Is Modernism modern? My experiences at Modernism Week …

MCTIGUE Architecture on April 14, 2022
Modernism Week

A few weeks ago, I participated in an annual event in Palm Springs, California called Modernism Week. This event, an 11 day festival with conferences, tours, a show and sale, is one of the best anywhere in the world at presenting the architecture of the 1950’s to 1970’s and provides great opportunities to hear from some of the most talented architects, designers and creators in the world, while also enjoying tours of homes and buildings in the California desert. It’s a cool gathering in a normally hot part of the world!

One of the questions I asked myself, as I planned my trip there, was how relevant is modernism to the world we live in now. That might seem easy to answer. After all, modernism is … modern, isn’t it?

Definitions of “modern architecture” describe work of the early 20th century to about the mid-1980’s, best known for using fresh construction techniques with glass, steel, wood and concrete. Descriptors like “minimalism”, “functionalism” and “non-ornamentalism” all can be applied to works in that timeframe.

More particularly, modernism can be traced from its early expression in Europe at the turn of the 20th century, to the late 1920’s, when it became a movement, to a mid-century height of work around the world and on to later work, before being supplanted in popular thinking by “Post-Modernism”.

The Tate Modern Museum in London defines it this way: “Modernism refers to a global movement in society and culture that from the early decades of the twentieth century sought a new alignment with the experience and values of modern industrial life. Building on late nineteenth-century precedents, artists around the world used new imagery, materials and techniques to create artworks that they felt better reflected the realities and hopes of modern societies.”

Britannica says: “By the beginning of the 20th century, architects also had increasingly abandoned past styles and conventions in favour of a form of architecture based on essential functional concerns. They were helped by advances in building technologies such as the steel frame and the curtain wall. In the period after World War I these tendencies became codified as the International Style, which utilized simple geometric shapes and unadorned facades and which abandoned any use of historical reference; the steel-and-glass buildings of Ludwig Mies van der Rohe and Le Corbusier embodied this style. In the mid-to-late 20th century this style manifested itself in clean-lined, unadorned glass skyscrapers and mass housing projects.”

And, perhaps more broadly, Wikipedia writes this: “Modernism is both a philosophical movement and an arts movement that arose from broad transformations in Western society during the late 19th and early 20th centuries. The movement reflected a desire for the creation of new forms of art, philosophy, and social organization which reflected the newly emerging industrial world, including features such as urbanization, new technologies, and war. Artists attempted to depart from traditional forms of art, which they considered outdated or obsolete. The poet Ezra Pound's 1934 injunction to "Make it New" was the touchstone of the movement's approach.”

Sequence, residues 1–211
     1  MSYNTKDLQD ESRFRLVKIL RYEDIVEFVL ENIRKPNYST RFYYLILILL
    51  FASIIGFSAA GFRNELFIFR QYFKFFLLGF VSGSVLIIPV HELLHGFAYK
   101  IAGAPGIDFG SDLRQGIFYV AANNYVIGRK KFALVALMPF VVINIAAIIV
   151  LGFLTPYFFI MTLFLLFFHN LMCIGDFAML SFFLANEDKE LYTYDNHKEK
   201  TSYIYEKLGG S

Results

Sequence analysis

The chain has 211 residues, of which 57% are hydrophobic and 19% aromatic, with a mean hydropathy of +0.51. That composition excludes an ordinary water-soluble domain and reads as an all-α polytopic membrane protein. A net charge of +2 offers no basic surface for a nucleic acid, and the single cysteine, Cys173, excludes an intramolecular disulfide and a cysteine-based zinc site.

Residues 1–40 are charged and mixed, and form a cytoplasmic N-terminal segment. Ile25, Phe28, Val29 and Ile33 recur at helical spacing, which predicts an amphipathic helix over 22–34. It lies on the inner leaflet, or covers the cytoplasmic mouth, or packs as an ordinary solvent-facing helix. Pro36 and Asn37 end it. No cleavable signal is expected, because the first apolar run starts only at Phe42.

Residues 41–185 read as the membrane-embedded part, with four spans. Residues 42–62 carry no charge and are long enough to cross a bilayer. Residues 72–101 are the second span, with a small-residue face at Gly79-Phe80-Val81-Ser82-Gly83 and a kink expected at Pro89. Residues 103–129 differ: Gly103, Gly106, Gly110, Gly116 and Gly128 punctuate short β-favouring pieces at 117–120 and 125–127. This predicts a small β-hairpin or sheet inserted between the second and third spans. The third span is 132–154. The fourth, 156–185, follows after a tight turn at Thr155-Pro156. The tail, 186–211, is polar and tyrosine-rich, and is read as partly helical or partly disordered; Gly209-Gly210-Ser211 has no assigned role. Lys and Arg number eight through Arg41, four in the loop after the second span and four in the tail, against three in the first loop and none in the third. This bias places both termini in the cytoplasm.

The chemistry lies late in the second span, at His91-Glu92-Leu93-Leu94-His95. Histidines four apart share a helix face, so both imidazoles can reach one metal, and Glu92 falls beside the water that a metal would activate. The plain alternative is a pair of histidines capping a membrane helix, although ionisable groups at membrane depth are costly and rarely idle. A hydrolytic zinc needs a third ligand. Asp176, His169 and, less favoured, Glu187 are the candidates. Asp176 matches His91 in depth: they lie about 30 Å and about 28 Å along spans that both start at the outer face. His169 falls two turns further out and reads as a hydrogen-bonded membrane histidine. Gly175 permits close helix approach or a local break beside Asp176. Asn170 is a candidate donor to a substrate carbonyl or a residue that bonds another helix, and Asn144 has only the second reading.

Not surprisingly, there are many more definitions one can find for a term that has so much to do with architecture and place-making, but almost equally describes visual arts, music, dance, poetry - really almost all forms of creative expression.

So my question stayed in my thinking all through the days I spent in the desert. Is “Modernism” relevant today? I asked others their thoughts, listened to talks and I came away with some ideas that I’d like to share with you here. I hope this interests you, inspires you to ask your own questions and, maybe more importantly, motivates you in your own creative pursuits!

Palm Springs, California, this event’s home base, is both juxtaposition and confluence. It is a small city with an outsized share of modern homes, shops, restaurants, civic buildings and other structures. But it also is the edge of a desert floor, a sun-drenched sanctuary for cacti and scrub plants, scorpions and snakes. It is a boundary line between the delta plain set down by the ancestral Colorado River and the upward thrust of the San Jacinto Mountains. On one side is the baking-hot desert and on the other, up a steep tram ride, is the cool Ponderosa Pine forest of Idyllwild. All of this coexists in an area with dry days and starry nights.

Maybe it’s no surprise that people have been attracted to this place. And maybe, also, it’s no surprise that people began building homes and living lifestyles here that moved away from conventions of the day, finding expression, simplicity and a connection to nature. In fact, Palm Springs quickly became known for its quantity and range of modern homes and buildings, nearly all of which seem to have deep-shaded rooflines and expansive openings.